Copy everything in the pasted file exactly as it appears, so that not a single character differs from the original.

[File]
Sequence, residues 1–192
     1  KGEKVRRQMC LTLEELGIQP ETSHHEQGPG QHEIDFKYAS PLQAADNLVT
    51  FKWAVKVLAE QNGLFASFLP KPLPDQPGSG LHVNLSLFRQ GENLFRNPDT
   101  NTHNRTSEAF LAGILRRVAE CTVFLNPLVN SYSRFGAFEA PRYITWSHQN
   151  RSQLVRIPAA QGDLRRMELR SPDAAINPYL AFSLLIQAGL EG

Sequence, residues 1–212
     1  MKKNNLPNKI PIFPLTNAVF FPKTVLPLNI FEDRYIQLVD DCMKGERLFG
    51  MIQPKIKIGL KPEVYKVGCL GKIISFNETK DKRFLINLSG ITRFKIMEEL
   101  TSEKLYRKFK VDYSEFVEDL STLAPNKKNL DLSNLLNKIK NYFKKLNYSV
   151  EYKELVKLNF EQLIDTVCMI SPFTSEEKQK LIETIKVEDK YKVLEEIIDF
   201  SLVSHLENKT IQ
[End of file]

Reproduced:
Sequence, residues 1–192
     1  KGEKVRRQMC LTLEELGIQP ETSHHEQGPG QHEIDFKYAS PLQAADNLVT
    51  FKWAVKVLAE QNGLFASFLP KPLPDQPGSG LHVNLSLFRQ GENLFRNPDT
   101  NTHNRTSEAF LAGILRRVAE CTVFLNPLVN SYSRFGAFEA PRYITWSHQN
   151  RSQLVRIPAA QGDLRRMELR SPDAAINPYL AFSLLIQAGL EG

Sequence, residues 1–212
     1  MKKNNLPNKI PIFPLTNAVF FPKTVLPLNI FEDRYIQLVD DCMKGERLFG
    51  MIQPKIKIGL KPEVYKVGCL GKIISFNETK DKRFLINLSG ITRFKIMEEL
   101  TSEKLYRKFK VDYSEFVEDL STLAPNKKNL DLSNLLNKIK NYFKKLNYSV
   151  EYKELVKLNF EQLIDTVCMI SPFTSEEKQK LIETIKVEDK YKVLEEIIDF
   201  SLVSHLENKT IQ